10. O.J. Simpson, who led police on an ill-fated chase on the L.A. freeway system – Traffic volume study.

11. Al Gore, who lost the 2000 presidential race, despite winning the popular vote – Data weighting.

Happy birthday, America! Have a fun and safe holiday weekend.

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With Mother’s Day coming up this Sunday, the day after Saturday (yes, it’s this Sunday, May 8th – yet another reminder!), we put together a few things we have heard our mothers say.  Although they probably didn’t have market research in mind as they were trying to teach us valuable life lessons, we always have market research on the mind here in the Bunker.  Here is our spin on some classic sayings from moms and their impact on our daily market research work.

1. “Would you jump off a bridge if everyone else did?”  The time-tested advice saying you don’t have to do something just because everyone else is.  We equate this to some of the new methodologies that are emerging in the marketing research industry.  Just because a methodology or concept sounds new and trendy (e.g., crowdsourcing), doesn’t mean it’s right for your project or your client.  Quite often, it can be best to stick with a proven and reliable methodology for conducting research.  Even when all options are considered for a quantitative study – timeline, cost, deliverables – sometimes you just can’t beat the data quality offered by a well-prepared telephone survey.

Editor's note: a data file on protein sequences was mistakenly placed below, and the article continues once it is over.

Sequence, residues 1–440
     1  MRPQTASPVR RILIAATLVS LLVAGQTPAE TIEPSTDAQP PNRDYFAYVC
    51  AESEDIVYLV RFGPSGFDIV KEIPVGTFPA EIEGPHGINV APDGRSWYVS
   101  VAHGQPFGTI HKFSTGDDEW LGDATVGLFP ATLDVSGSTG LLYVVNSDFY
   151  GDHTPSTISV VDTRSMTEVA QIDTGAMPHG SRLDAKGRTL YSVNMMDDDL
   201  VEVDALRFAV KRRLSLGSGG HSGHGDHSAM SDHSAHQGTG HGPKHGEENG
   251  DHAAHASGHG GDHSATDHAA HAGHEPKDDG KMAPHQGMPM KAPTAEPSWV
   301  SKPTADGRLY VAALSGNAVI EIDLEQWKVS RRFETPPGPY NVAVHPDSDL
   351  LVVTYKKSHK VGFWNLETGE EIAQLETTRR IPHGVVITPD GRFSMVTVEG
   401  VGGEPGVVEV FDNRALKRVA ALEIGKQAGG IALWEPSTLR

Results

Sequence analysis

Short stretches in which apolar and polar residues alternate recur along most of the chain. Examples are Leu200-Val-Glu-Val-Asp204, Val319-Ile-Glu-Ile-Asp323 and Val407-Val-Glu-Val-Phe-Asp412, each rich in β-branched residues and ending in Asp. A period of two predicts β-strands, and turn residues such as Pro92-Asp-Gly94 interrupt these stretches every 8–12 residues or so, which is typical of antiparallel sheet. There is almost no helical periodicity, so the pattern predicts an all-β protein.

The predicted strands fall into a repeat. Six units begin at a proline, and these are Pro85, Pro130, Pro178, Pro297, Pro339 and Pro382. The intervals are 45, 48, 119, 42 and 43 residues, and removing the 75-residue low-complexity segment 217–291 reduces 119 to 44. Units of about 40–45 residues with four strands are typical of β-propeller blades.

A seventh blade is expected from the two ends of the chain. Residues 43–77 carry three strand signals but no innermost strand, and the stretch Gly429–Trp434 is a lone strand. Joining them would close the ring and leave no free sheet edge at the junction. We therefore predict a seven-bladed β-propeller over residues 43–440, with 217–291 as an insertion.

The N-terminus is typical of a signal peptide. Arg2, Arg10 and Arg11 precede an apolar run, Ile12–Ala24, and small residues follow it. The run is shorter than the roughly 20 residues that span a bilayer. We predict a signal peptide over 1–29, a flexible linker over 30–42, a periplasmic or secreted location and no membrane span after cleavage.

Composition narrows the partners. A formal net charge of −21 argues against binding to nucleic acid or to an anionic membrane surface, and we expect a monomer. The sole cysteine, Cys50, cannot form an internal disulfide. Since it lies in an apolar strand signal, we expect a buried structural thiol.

2. “Anything worth doing, is worth doing right.”   Seems pretty basic right?  But when you’re conducting market research, no matter how small the scope may be, how small the client may be, or how small the bid, make sure it is done right.  This valuable life lesson from mom can be carried through all phases of market research – proposal writing, survey design, fieldwork, quality control monitoring, analysis, report writing, and presentations.